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Ranbaxy recalls generic Lipitor doses for glass shards

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By The Associated Press
Saturday, Nov. 24, 2012, 12:01 a.m.
 

Ranbaxy Pharmaceuticals Inc. has recalled dozens of lots of its generic version of the cholesterol drug Lipitor because some may contain tiny glass particles, the latest in a string of manufacturing deficiencies that once led regulators to bar imports of the Indian company's medicines.

Ranbaxy, a subsidiary of Ranbaxy Laboratories Ltd., India's biggest drug maker, is operating under increased scrutiny from the U.S. Food and Drug Administration because of quality lapses at multiple Ranbaxy factories over the past several years.

The FDA also has alleged the company lied about test results for more than two dozen of its generic drugs several years ago.

On Friday, Ranbaxy posted a notice on its U.S. website, saying it's recalling 10-, 20- and 40-milligram doses of tablets of atorvastatin calcium. That's generic Lipitor, the cholesterol fighter that reigned for years as the world's top-selling drug.

The recall includes 41 lots of the drug, nearly all with 90 pills per bottle, but three lots contain 500 pills per bottle. It's unclear how many bottles are in each lot, but medicine batches typically contain many thousands of pills.

The 80-milligram strength tablets are not affected.

Ranbaxy spokesman Chuck Caprariello did not answer questions or provide any additional information beyond the statement on the company's website.

“Ranbaxy is proactively recalling the drug product lots out of an abundance of caution,” the website statement read. “This recall is being conducted with the full knowledge of the U.S. FDA.”

Ranbaxy's lead in the generic Lipitor market may be at risk from the recalls, according to a report by Bloomberg Industries. Mylan Inc. of Canonsburg and Watson Pharmaceuticals Inc. could take market share from Ranbaxy, the report said.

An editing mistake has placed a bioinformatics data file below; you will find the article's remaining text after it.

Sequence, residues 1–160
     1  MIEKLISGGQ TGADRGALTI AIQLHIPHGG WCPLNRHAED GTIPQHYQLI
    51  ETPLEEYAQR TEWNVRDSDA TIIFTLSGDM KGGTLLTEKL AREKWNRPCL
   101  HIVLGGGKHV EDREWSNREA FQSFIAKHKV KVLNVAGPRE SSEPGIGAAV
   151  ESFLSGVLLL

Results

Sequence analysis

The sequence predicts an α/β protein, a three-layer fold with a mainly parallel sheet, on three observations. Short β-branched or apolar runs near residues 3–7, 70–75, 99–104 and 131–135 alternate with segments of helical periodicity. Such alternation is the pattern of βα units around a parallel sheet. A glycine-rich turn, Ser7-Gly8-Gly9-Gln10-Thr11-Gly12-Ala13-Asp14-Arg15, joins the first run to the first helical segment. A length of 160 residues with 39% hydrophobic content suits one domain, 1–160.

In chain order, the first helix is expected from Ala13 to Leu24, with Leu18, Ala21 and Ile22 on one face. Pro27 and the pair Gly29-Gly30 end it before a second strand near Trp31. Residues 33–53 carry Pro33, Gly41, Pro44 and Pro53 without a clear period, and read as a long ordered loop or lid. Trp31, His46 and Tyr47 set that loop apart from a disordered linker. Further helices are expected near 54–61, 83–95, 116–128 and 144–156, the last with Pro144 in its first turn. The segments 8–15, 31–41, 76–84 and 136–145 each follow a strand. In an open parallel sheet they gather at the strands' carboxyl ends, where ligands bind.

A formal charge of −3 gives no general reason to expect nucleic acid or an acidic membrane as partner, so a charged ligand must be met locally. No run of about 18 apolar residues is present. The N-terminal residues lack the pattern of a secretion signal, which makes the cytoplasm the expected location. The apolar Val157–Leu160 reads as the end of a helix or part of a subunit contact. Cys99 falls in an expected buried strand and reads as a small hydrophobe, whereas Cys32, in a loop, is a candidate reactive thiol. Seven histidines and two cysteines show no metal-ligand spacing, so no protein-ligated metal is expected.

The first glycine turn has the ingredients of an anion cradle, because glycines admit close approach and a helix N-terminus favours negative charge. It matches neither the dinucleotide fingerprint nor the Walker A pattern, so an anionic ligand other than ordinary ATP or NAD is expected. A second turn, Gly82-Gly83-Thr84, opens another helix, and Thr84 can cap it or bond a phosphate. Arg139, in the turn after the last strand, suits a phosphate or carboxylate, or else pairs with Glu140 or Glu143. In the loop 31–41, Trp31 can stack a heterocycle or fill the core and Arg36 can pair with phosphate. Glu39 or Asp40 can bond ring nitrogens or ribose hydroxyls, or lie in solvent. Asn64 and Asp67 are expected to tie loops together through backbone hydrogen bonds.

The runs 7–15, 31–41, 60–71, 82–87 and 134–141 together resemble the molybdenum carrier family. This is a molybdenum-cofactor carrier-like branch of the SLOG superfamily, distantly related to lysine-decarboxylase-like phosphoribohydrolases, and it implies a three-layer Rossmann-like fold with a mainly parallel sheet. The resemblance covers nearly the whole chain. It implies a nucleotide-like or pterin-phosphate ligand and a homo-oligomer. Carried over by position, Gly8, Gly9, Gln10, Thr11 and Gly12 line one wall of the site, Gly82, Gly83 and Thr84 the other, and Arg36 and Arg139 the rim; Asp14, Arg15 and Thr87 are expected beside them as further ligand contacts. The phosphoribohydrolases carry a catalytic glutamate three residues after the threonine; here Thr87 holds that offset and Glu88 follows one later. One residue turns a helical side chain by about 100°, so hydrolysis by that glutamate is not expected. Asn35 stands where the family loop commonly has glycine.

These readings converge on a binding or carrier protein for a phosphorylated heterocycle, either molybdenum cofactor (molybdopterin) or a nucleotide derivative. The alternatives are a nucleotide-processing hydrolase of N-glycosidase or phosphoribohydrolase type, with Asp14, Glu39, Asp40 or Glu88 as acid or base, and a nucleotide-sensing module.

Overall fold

The company also filed a two-sentence statement with the Bombay Stock Exchange stating Ranbaxy's investigation would be completed within two weeks, but that after the temporary disruption to the U.S. supply, the company expected to resume shipments here.

Patients who have filled a prescription can contact their pharmacy to determine whether it was made by Ranbaxy or another generic drug maker, and if it's from Ranbaxy, whether it came from a recalled lot.

Ranbaxy's manufacturing deficiencies, dating to 2006, led to a lengthy investigation and sanctions by the FDA. During the probe, federal investigators found Ranbaxy did not properly test the shelf life and other safety factors of its drugs and then lied about the results.

In mid-2008, the FDA barred Ranbaxy from shipping into the United States more than 30 different drugs made at factories in India. Meanwhile, the Department of Justice demanded Ranbaxy turn over internal documents, alleging the company lied about ingredients and formulations of some medications.

In early 2009, the FDA said it would not consider any new applications from Ranbaxy to sell in the United States any products made at the troubled factories.

As FDA discussions with Ranbaxy continued, it appeared the company would lose its shot at a revenue windfall when Lipitor's generic U.S. patent expired last Nov. 30. At the time, Lipitor brought in almost $8 billion a year in U.S. sales.

As often happens when patents expire, for the first six months only one generic rival could compete with brand-name Lipitor. Ranbaxy had that right, although an authorized generic from Lipitor maker Pfizer Inc. and partner Watson Pharmaceuticals went on sale on Dec. 1. With competition so limited, the generic prices declined only a bit from the brand-name drug's price of about $115 a month — until several other generics entered the market six months later.

The FDA finally ended the suspense, deciding just before midnight Nov. 30 to let Ranbaxy sell generic Lipitor made at the company's Ohm Laboratories factory in New Jersey.

It was unclear Friday whether the recalled Ranbaxy pills were made there or elsewhere.

Meanwhile, Ranbaxy is operating under a settlement with the FDA, called a consent decree, signed on Dec. 20, 2011. It requires Ranbaxy to improve manufacturing procedures, ensure data on its products is accurate and undergo extra oversight and review by an independent third party for five years. Ranbaxy at the time set aside $500 million to cover potential criminal and civil liability stemming from the Justice Department investigation.

 

 
 


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